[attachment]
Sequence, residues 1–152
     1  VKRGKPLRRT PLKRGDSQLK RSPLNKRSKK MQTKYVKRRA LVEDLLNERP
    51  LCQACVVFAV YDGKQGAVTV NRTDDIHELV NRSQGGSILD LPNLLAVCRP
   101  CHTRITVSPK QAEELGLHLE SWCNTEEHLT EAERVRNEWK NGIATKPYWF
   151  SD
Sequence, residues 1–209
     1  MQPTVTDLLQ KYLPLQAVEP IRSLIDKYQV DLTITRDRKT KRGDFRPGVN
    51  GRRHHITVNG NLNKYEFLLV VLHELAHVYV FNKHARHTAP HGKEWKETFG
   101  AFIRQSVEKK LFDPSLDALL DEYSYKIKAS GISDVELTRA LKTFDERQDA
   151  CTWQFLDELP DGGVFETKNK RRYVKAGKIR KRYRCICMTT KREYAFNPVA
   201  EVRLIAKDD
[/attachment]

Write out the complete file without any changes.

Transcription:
Sequence, residues 1–152
     1  VKRGKPLRRT PLKRGDSQLK RSPLNKRSKK MQTKYVKRRA LVEDLLNERP
    51  LCQACVVFAV YDGKQGAVTV NRTDDIHELV NRSQGGSILD LPNLLAVCRP
   101  CHTRITVSPK QAEELGLHLE SWCNTEEHLT EAERVRNEWK NGIATKPYWF
   151  SD
Sequence, residues 1–209
     1  MQPTVTDLLQ KYLPLQAVEP IRSLIDKYQV DLTITRDRKT KRGDFRPGVN
    51  GRRHHITVNG NLNKYEFLLV VLHELAHVYV FNKHARHTAP HGKEWKETFG
   101  AFIRQSVEKK LFDPSLDALL DEYSYKIKAS GISDVELTRA LKTFDERQDA
   151  CTWQFLDELP DGGVFETKNK RRYVKAGKIR KRYRCICMTT KREYAFNPVA
   201  EVRLIAKDD